Individuals may form a 'cult of personality', consider Bush's 29% approval rating. But that does not a party make. In an era of 'stagflation' Reagan's ideas worked, but those same ideas today are a stone cold loser today. Individuals make try and capture the threads of Reagan's cult of personality, but none of them seem too keen to articulate his ideas.

Posted by: DonJasper | January 10, 2009 2:19 PM | Report abuse

Since incumbents have a 90% chance of re-election it is never good news to have a vacant position in an election. A bunch of retirements usually shows a somewhat demoralized party.

Republicans in the northeast are an endangered species and there are 2 very vulnerable senators there.

The GOP is in big trouble and the Democrats should make the 60 seat majority in 2010.

Posted by: isart | January 10, 2009 1:55 PM | Report abuse

"Republican retirements are being offset by at least three seats that will have appointed senators with less than two years experience (NY, Ill and Col)who will have to defend their seat in competitive situations."

You really think NY, which only has 3 Republican representatives out of 29, which voted for Obama 62-37, is going to elect a Republican S=senator? Both Kennedy and Cuomo trounce King (probably the R's best candidate) in polls, and it's not due to lack of name recognition on King's part. Illinois? The party will likely rally around someone else other than Burris, keeping another strong blue state in Dem hands. Colorado is the only one I think right now with a legitimate shot of those three, and depending on the next two years Nevada as well. That said, that only makes those two competitive, not even likely Republican pickups.

Posted by: kreuz_missile | January 10, 2009 1:52 PM | Report abuse

Sorry, Chris, but I'm sure Chuck Todd is correct. Let's look at Ohio, for instance. Your post seems to forget that the 2006 election never happened:

http://www.washingtonpost.com/wp-srv/politics/elections/2006/oh.html

Considering the margin Sherrod Brown won by against an incumbent senator, and considering that Ted Strickland won by even more votes, I think you have to acknowledge that the landscape in Ohio has changed.

Posted by: DaveinNorthridge | January 10, 2009 11:47 AM | Report abuse

Republicans destroyed this country by extreme adherence to a bogus ideology. They can't say No taxes, No government regulation, Strong defense, leave it to the private sector, Morality, Christian morality or even fiscal responsibility because they've managed to make all of those slogans as believable as the Commies saying that they did everything for "The People". The Republican Party is a fraud. The country knows it and the remaining members will slink out of town before they get tarred and feathered.

Posted by: thebobbob | January 10, 2009 2:41 AM | Report abuse

Republican retirements are being offset by at least three seats that will have appointed senators with less than two years experience (NY, Ill and Col)who will have to defend their seat in competitive situations. Republicans could indeed pick up one or two of those seats. I doubt they have even a snowballs chance in Delaware where the fourth appointed senator will have to defend his seat. To complicate things, at least Burris (if he gets seated) will face massive and well financed primary opposition which does not always help the eventual winner. So you never know. They may actually gain a seat or two. More reason for Obama to get on with the job at hand.

Posted by: Opa2 | January 10, 2009 12:33 AM | Report abuse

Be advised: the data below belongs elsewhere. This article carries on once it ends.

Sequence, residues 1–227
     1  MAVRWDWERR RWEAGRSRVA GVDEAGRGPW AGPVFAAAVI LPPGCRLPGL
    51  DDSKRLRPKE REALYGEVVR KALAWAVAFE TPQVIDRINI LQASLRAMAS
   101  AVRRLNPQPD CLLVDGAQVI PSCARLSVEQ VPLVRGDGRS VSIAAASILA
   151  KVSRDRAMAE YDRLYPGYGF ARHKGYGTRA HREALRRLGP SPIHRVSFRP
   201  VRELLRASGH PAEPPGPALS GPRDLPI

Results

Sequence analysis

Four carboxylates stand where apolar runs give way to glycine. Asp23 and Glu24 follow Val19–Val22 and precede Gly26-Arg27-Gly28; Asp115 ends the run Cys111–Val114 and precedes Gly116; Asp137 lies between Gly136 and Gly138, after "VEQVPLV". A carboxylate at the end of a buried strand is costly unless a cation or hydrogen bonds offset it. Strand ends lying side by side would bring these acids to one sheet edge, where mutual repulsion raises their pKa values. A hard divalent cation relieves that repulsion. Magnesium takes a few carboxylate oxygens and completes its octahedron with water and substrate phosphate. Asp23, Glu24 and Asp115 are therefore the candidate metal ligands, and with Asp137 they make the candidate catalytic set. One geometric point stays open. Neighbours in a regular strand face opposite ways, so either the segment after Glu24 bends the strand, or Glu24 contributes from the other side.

kreuz_missile wrote, "It's not so much about prospects for 2010 specifically, it's about prospects for the next decade, and what an uphill climb it will be for any of these folks to be in the majority again. They don't want a career in the minority."

I think that's exactly right, though I still regard their decisions as a leading indicator (one among many that ought to be considered) for 2010.

The good news for Republicans is that there is one chance for them to come out of this mess with an eduring majority.

The bad news for Republicans is that their one chance will arise if and only if Obama and his wife literally fulfill the "predictions" of the famous New Yorker magazine cover ( at http://www.cartoonbank.com/product_details.asp?mscssid=JR0NK4MM67MG9JLLLLEC88URGC8XFVS2&sitetype=1&did=5&sid=125383&pid=&keyword=Obama§ion=prints&title=&whichpage=2&sortBy=popular or http://tinyurl.com/9u7gb7 ).

Posted by: officermancuso | January 9, 2009 7:23 PM | Report abuse

The Bush recession is going to be the gift that keeps on giving to the Dems for years to come, Skippy.


I'm not surprised that Wingnuts like you are hoping for a full blown depression. Repuglicans have never cared about the average American citizen anyway, they only care about being in power....and after wetting the bed for the last eight years they're delusional if they think they're coming back anytime soon.


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With majorities in both chambers the dems and obama are now responsible and when the stimulus fails, which history tells us it will who are the dems gonna blame?

Posted by: walken101 | January 9, 2009 6:54 PM | Report abuse

---------------


Posted by: DrainYou | January 9, 2009 7:19 PM | Report abuse

Although all politics is local as they say, I think GOPers still have a couple of election cycles in the dumpster. They have yet to figure up why they lost in 2006 and 2008. And given the GUYS running for RNC chair, they won't be figuring it up for some time to come.

Posted by: Roofelstoon | January 9, 2009 7:19 PM | Report abuse

Mr. Todd is correct, and I would also like to make the following observations:

1) Incumbents have more fundraising "juice" than new challengers, so losing their incumbents weakens the GOP considerably.

2) The fact that these older GOP senators are retiring is a signal that they do not believe the GOP will regain control of the Senate during their useful working lives. Many of these retirees enjoyed chairmanships and real power while the GOP controlled the Senate: they have no desire (or time) to wait around for another chance for real power, especially if that time is 12 or 16 years in the future.